The Abshires themselves are also fairly different in the show. Gone is the entire subplot involving Clare’s brother Mark (Peter Graham) getting married to a woman he got pregnant. It’s replaced instead by Mark cross-examining Henry and Clare about why Henry came to dinner late covered in bruises. (The answer: He got beaten up during a quick round of time travel.) The whole scene is incredibly uncomfortable and rife with implications of domestic abuse, but it goes nowhere beyond “Mark is a smug asshole.”

A pivotal haircut

A man with long hair reads a book in a chair while resting his feet on a nearby bed. The surrounding bedroom is quite messy/

Say goodbye to these locks.
Credit: Barbara Nitke/HBO

Let’s talk about Clare’s younger sister Alicia (Taylor Richardson). When she first meets Henry in the show, she pretends to be Clare, feeling him up, talking about time travel, and swooning over him being her future husband. First of all, weird. Second of all, why? In a change from the book, the show’s Clare told Alicia about Henry so that she would stop freaking out about Clare hiding a naked man in their basement. I can accept that. What I can’t accept is Alicia’s bizarrely horny way of “teasing” Henry, which she thinks is part of her duty as Clare’s sister. This scene is played for laughs, which is a wild choice in a show that’s already made wild choices involving sex.

In other, less sexually charged news, Alicia wants to be a hairdresser now. This surprise addition to her character means that she gives Henry the haircut that transforms him from “young Henry” to “old Henry.” The book sees Henry do this the day before his wedding so he can “become the me of my future.” Here, it happens right before the “proposal” to Clare, where he commits to becoming “someone else” — essentially, his future self.

In the grand scheme of things, this change doesn’t matter that much, but Alicia’s flimsy characterization and outburst of “I’m a hairdresser” makes the upcoming haircut moment so predictable it’s funny. Whatever, anything to free Theo James from that horrendous wig.

It’s foreshadowing o’clock

In the finale of The Time Traveler’s Wife, Henry tries to mitigate his time travel with drugs, with disastrous results. However, instead of being sent into the past, he’s catapulted forward into the future. There, he’s treated to a Sparknotes version of the second half of Niffenegger’s novel, including Clare’s many miscarriages and what is presumably Henry’s funeral. It’s not all doom and gloom though: Henry also sees his future daughter, and the day he and Clare find their perfect home.

Although Niffenegger’s novel hints at fated tragedy throughout, this entire nightmare trip into the future is a show-only sequence. I do think this addition, including Henry’s fight with his future self, is an interesting look at what’s still to come in Henry and Clare’s lives.

However, Henry’s journey takes up so much of the episode that we end up losing Clare, both as she prepares for her wedding day and as she experiences pain in the future. We see her sadness solely through Henry’s eyes, as he watches her older self mourn something he isn’t quite aware of yet. Perhaps Moffat is saving Clare’s perspective for Season 2, but it’s baffling to me that the show would pull focus away from the time traveler’s wife in its finale. It’s the titular role!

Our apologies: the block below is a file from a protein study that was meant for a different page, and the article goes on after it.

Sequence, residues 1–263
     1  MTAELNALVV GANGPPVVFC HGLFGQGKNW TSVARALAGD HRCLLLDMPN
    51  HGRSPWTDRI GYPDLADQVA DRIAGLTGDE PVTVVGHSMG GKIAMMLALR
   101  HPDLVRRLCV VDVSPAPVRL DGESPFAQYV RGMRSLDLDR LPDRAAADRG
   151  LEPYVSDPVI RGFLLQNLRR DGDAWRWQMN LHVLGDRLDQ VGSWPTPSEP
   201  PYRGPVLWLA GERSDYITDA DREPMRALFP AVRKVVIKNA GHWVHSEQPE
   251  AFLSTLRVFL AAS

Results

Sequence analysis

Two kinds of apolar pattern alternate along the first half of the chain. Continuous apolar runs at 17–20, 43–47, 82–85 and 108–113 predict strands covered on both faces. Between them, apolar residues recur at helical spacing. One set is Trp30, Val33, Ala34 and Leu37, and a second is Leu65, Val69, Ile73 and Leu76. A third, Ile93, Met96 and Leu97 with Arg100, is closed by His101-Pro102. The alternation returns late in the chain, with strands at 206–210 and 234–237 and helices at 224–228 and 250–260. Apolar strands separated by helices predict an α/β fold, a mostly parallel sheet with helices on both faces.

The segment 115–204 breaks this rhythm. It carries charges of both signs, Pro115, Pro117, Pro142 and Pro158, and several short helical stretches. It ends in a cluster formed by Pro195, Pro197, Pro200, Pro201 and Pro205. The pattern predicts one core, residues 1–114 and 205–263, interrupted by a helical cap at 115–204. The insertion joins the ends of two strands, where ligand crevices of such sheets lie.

A very angry wedding

You know what else is baffling to me? How combative Henry and Clare are throughout this entire series, and especially in the Season 1 finale. They argue about everything, from having a wedding video to what kind of silverware to buy. Then, when present Henry inevitably time travels on the big day and future Henry marries Clare instead, Clare is pissed. So is present Henry, who ends up watching the wedding video with future Clare. Seemingly everyone and their mother calls Henry an asshole.

Compare this to the book. Clare’s initial reaction to Henry time traveling is one of worry, not rage. Then, when she sees that future Henry is there instead of present Henry, she thinks, “He looks about forty. But he’s here.” Present Henry returns, then he and Clare get married at City Hall a few days later. Overall, the book’s wedding is a joyful occasion, while the show’s is extremely bitter. Again, it makes us question why we should even care about Henry and Clare when it seems like they can barely stand each other. Not even an overly cutesy wedding flash mob will fix that.

Where do we go from here?

A man and a woman embrace in a forest clearing.

What does the future hold?
Credit: Macall B. Polay/HBO

If The Time Traveler’s Wife gets a second season, the Season 1 finale gives us a pretty good idea of what’s coming next. We’ll see Clare and Henry’s marriage, their attempts to have children, and the incident that leads to Henry becoming a wheelchair user. We’ll also hopefully get the payoff for the show’s framing device of having Henry and Clare speaking directly to camera. I can understand Henry making videos for his child to remember him, but I’m still unclear as to why Clare is also making videos instead of just talking directly to her child.

Final verdict

The fact that The Time Traveler’s Wife diverges from its source material is not a problem in itself, as it’s completely possible to make an adaptation that differs from the book but still captures the original’s spirit. It’s the way in which The Time Traveler’s Wife diverges from Niffenegger’s novel that causes an issue.

Frankly, many of the book-to-show changes make no sense. They range from mildly confusing to completely unforgivable. Why make Clare and Henry so argumentative? Why establish new rules about Henry’s feet and baby teeth time traveling? Why show us Annette’s death hundreds of times? Why make the wedding such a miserable experience? And why add rape to an already upsetting storyline involving assault?

In adapting The Time Traveler’s Wife for TV, Moffat could have easily given Niffenegger’s story more room to breathe than the film adaptation did. Instead, the show expands on things that didn’t need to be expanded, rushes through key moments, and botches its central relationship in its quest to be witty.

It’s exhausting. If I could travel back in time to make the creative team re-read the book and re-think their approach to the show, I would. But alas, this is the TV adaptation we’re stuck with.

The Time Traveler’s Wife(opens in a new tab) is now streaming on HBO Max.(opens in a new tab)